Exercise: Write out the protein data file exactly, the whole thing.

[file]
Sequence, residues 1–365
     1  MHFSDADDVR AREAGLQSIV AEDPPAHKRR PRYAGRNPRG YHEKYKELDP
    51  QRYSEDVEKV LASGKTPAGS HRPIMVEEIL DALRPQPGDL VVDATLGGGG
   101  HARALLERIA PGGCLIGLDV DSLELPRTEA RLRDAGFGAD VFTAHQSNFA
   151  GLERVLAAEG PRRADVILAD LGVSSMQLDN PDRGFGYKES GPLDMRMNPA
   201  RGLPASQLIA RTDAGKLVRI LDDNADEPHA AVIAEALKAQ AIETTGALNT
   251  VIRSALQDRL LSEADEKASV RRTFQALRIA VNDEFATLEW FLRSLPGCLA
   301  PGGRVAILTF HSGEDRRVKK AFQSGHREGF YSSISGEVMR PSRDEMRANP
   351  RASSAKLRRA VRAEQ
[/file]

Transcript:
Sequence, residues 1–365
     1  MHFSDADDVR AREAGLQSIV AEDPPAHKRR PRYAGRNPRG YHEKYKELDP
    51  QRYSEDVEKV LASGKTPAGS HRPIMVEEIL DALRPQPGDL VVDATLGGGG
   101  HARALLERIA PGGCLIGLDV DSLELPRTEA RLRDAGFGAD VFTAHQSNFA
   151  GLERVLAAEG PRRADVILAD LGVSSMQLDN PDRGFGYKES GPLDMRMNPA
   201  RGLPASQLIA RTDAGKLVRI LDDNADEPHA AVIAEALKAQ AIETTGALNT
   251  VIRSALQDRL LSEADEKASV RRTFQALRIA VNDEFATLEW FLRSLPGCLA
   301  PGGRVAILTF HSGEDRRVKK AFQSGHREGF YSSISGEVMR PSRDEMRANP
   351  RASSAKLRRA VRAEQ